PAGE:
EDITORIAL: The case for a name change

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Editor’s note: Shene Catholique Valpy is the daughter of NNSL publisher Bruce Valpy.

Shene Catholique Valpy’s battle for her children’s names reflects the basic need to have the world recognize them as they truly are.

Since the birth of her first daughter Sahᾴí̜ʔᾳ in 2014, she has been petitioning the territorial government to recognize the traditional spelling of their names on legal documents like their birth certificates and passports.

Sahᾴí̜ʔᾳ means, “when the sun just peeks through” in Chipewyan.

However, on her birth certificate, her name is spelled Sahai’a because the GNWT only allows the Roman alphabet to be used on official documents.

Sahᾴí̜ʔᾳ’s name contains a glottal stop, which signifies a type of sound used in many spoken languages. Without it, the meaning of her name is lost.

Catholique Valpy lodged her first complaint in 2014 and it has slowly percolated through the machinery of government. Change has come but at a glacial pace.

In a 2015 report, NWT language commissioner Shannon Gullberg sided with Catholique Valpy and said the territorial government was legally bound to provide services in the Indigenous languages of the NWT, of which there are nine, including Chipewyan.

In 2016, Health and Social Services Minister Glen Abernethy promised to introduce legislative changes to the Vital Statistics Act that would allow Indigenous characters to be used on territorial identification documents.

Unfortunately, the government’s lofty gestures have yet to be put into meaningful action.

It is now 2019, Sahᾴí̜ʔᾳ is almost five years old, she has a sister named Náʔël, a brother named Kairo and Catholique Valpy is still fighting.

Nahendeh MLA Shane Thompson recently tabled a letter from Catholique Valpy in the legislative assembly, which asked MLAs to support her campaign.

“My family, myself, and many others are still waiting on the government’s promise,” she wrote. “As of now, myself and many others are not able to use the traditional spelling because they say ‘it causes too many problems.’”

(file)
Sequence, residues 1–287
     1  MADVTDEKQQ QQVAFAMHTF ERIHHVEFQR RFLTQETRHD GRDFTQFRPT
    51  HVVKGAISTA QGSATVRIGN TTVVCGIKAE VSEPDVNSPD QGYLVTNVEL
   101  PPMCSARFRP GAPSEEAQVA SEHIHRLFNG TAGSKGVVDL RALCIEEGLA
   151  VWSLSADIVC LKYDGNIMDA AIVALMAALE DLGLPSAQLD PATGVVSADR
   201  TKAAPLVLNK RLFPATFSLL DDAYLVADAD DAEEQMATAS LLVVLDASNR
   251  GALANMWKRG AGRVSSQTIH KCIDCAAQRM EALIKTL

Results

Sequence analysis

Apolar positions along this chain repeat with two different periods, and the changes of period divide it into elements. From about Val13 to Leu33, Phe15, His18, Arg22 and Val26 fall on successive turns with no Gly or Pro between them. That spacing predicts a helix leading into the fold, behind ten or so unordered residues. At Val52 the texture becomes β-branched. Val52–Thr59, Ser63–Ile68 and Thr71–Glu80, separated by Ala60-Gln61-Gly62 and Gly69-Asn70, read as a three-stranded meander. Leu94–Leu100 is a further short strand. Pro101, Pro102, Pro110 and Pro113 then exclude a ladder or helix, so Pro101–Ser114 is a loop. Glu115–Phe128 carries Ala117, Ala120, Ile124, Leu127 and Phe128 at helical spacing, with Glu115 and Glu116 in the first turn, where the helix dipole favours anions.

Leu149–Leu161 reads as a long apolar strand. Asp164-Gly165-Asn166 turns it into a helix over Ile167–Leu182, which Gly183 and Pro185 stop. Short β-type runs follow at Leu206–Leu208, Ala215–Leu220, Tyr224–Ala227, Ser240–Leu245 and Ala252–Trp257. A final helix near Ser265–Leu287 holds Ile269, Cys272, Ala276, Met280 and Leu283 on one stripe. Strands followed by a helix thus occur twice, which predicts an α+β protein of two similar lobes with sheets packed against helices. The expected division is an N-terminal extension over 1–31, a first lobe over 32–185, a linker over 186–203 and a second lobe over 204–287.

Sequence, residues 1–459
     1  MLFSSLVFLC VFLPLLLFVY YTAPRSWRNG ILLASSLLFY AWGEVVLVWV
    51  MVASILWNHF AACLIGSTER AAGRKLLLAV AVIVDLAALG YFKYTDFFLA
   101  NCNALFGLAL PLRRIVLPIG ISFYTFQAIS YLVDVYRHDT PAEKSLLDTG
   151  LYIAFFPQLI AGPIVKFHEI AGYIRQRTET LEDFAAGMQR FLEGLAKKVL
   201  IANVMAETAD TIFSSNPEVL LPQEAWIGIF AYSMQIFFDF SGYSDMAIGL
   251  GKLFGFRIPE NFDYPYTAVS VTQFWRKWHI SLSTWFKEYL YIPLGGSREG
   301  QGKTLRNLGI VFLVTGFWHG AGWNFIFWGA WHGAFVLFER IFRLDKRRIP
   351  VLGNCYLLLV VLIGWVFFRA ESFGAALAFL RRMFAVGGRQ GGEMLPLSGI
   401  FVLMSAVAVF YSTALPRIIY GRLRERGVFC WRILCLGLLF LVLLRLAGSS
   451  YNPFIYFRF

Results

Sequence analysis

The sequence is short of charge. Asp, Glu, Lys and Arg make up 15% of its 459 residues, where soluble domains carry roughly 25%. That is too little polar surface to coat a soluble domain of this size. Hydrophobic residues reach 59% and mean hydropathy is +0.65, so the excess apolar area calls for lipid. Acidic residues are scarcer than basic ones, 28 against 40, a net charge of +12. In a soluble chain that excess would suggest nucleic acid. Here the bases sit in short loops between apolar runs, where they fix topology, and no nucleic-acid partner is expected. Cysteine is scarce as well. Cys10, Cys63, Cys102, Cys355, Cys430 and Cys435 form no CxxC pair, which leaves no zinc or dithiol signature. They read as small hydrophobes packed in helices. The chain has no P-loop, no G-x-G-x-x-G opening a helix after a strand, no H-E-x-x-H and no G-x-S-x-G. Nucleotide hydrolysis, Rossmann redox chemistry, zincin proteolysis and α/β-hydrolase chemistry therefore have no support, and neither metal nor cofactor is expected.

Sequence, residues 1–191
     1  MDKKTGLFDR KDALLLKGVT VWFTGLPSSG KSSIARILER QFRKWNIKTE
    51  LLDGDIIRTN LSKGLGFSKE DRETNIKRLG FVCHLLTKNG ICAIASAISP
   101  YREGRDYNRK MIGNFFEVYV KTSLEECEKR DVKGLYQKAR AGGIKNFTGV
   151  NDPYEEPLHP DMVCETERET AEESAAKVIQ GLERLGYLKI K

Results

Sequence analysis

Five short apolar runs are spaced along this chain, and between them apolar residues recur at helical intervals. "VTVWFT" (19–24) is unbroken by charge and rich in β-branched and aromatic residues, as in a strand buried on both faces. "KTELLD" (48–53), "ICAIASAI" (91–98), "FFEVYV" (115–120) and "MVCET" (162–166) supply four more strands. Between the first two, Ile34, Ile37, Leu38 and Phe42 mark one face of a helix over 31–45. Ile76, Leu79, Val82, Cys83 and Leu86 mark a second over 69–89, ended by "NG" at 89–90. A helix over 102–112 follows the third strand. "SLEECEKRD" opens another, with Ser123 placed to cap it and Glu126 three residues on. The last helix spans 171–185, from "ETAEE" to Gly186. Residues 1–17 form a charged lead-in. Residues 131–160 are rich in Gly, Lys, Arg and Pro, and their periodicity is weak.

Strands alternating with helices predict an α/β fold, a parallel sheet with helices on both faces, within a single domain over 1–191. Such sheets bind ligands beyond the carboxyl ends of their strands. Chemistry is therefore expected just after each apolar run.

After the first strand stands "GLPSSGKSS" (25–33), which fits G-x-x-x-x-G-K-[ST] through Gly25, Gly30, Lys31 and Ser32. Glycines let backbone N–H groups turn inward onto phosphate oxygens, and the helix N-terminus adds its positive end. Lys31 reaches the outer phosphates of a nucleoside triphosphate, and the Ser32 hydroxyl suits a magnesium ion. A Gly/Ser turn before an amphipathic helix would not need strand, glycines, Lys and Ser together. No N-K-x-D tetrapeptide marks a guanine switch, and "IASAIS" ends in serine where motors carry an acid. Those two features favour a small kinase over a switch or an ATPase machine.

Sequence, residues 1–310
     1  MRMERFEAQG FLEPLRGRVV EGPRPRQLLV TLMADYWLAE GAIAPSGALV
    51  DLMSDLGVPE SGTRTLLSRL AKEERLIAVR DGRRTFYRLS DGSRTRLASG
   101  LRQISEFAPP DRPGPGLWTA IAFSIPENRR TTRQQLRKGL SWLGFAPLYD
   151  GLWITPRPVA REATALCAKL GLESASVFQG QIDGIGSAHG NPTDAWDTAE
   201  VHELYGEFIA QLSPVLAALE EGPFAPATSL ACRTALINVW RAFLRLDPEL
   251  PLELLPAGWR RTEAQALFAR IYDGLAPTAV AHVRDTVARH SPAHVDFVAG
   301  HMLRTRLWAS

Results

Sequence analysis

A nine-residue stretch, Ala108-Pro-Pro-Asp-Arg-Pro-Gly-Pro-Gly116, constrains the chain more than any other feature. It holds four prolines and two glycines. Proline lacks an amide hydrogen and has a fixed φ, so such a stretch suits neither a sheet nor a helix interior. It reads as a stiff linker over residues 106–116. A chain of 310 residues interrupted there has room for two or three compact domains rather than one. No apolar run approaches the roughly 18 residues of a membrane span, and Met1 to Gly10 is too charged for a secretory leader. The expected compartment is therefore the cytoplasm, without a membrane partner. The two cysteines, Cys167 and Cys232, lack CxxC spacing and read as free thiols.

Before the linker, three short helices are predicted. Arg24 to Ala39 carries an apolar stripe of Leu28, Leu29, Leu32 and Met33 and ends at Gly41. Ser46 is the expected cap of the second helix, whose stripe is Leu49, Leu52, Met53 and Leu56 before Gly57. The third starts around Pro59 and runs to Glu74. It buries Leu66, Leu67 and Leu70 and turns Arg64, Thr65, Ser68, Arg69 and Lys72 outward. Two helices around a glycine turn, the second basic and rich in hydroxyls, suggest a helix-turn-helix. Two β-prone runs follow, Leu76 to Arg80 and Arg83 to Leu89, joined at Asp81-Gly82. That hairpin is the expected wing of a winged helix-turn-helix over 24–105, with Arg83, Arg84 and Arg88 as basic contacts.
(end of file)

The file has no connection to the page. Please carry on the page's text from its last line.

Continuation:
And indeed, accommodating diversity doesn’t happen on its own, it means tackling problems.

According to the NWT language commissioner’s 2016-2017 annual report, work still needs to be done on the standardization of Indigenous languages to make sure that written documents are accurate.

Other governments will need to be involved to make sure that people with traditional names can obtain passports and other important documents.

In addition, chances are that people with traditional names will need to explain the significance of the strange looking letters in their official documents to employers, teachers, airlines and foreign governments, but this is the work that must be done if we are to confront our colonial past.

Often the assault against Indigenous identity began with people’s names.

According to a summary report released by the Truth and Reconciliation Commission, it was common for residential school officials to give students new European names. At the Aklavik Anglican school, a young Inuit girl named Masak became Alice, at the Qu’Appelle school in Saskatchewan, a boy named Ochankugahe became Daniel.

It is true that Indigenous people are not the only Canadians who have been compelled to change their names.

The throngs of immigrants who were coming to Canada during the late 19th century to escape famine, war and poverty often Anglicized their names to fit into mainstream society.

Even today, choosing an English name when coming to Canada is a common practice among numerous immigrant communities.

But we have to appreciate that the Indigenous experience was unique and different. Theirs was not an immigrant experience but involved a moral injury and that simply wasn’t the case for other groups.

The need now is to heal that injury by accommodating Catholique Valpy, and those like her, who wish to be called by their proper names.

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